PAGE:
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Injured on Public Property? Can You Sue the Government?

March 13, 2020


When you get injured on private property, getting compensation is usually straight-forward. After all, all private property owners and businesses have a duty to provide for the care of individuals who are invited onto their land.

What happens if you get injured on public property, though? Is it the government’s responsibility to keep public property safe? Can a government entity be held liable through a personal injury claim in the same way that business could? Get the answers to these valid questions below.

What Types of Injuries can Happen on Public Property?

Public property describes any type of public park, local roadway, public museum, sidewalk or other location that the government controls. There are a lot of ways that you could get injured on public property, but here are a few of the most common types of accident that occur on public land:

  • Slip and fall accidents
  • Car collisions caused by government workers
  • Injuries that occur on public transportation
  • Drowning in a public pool
  • Faulty playground equipment
  • Faulty or defective handrails

Depending on your situation, your accident and injury could lead to significant losses. You could incur medical bills, lose time from work or suffer emotional distress. If the injury occurred on public property, then the government might be held liable. The government is responsible for taking reasonable steps to ensure that public land is safe for anyone who visits it.

How Are Claims Against the Government Different Than Private Claims?

While the government has a duty to provide for your care, they also have some form of immunity due to their status as a government. When you seek out a personal injury claim against a private person or entity, you are typically eligible to seek compensation for pain and suffering or other forms of emotional distress.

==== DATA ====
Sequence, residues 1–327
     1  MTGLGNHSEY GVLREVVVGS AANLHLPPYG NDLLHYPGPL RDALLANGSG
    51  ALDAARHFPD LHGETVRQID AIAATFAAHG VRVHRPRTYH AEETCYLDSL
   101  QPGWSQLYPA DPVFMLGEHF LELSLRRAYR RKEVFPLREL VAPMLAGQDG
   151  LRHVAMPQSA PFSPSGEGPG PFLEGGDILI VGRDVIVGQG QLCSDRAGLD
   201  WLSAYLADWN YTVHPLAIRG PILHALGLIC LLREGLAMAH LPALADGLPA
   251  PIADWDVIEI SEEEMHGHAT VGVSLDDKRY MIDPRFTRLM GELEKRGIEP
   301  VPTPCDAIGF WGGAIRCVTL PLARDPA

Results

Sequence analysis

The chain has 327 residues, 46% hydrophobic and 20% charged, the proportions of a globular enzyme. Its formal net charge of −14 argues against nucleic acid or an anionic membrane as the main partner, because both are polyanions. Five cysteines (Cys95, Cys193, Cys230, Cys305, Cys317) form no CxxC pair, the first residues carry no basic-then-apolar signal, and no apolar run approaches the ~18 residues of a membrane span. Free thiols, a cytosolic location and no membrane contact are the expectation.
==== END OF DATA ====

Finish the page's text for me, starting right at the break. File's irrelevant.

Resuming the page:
Government entities, though, put strict limits on these types of compensation. In many situations, the government entity may only pay you compensatory (financial) damages and refuse to pay you anything for your emotional losses. They also will not be held liable for any form of punitive damages, which usually arise when the negligent party was particularly careless or reckless.

On top of that, the monetary compensation you seek will have a set limit. You won’t be able to seek out more compensation than the law allows. You will have a very small window of time to pursue your claim. When you’ve been hurt on public property, you often only have about 30 days to notify the government entity. Otherwise, you’ll lose your right to seek out a claim.

Contact a Morristown Personal Injury Lawyer to Discuss Your Government Property Injury Case in New Jersey

Did you or a loved one sustain serious injuries on public property in New Jersey? Don’t let the medical bills pile up while you wait for the negligent party or their insurance company to do the right thing. Right now, you need an aggressive New Jersey personal injury attorney on your side, fighting to get you the compensation you need, want, and deserve. The skilled attorneys at Hoyt & Hoyt, PC, represent clients injured on government property in New Brunswick, Edison, Woodbridge, Old Bridge, and throughout New Jersey. Call (973) 718-7744 or fill out our online contact form to schedule a free consultation about your case. We have an office conveniently located at 67 East Park Place, 5th Floor, Morristown, NJ 07960 and we also have offices in New Brunswick.

The articles on this blog are for informative purposes only and are no substitute for legal advice or an attorney-client relationship. If you are seeking legal advice, please contact our law firm directly.

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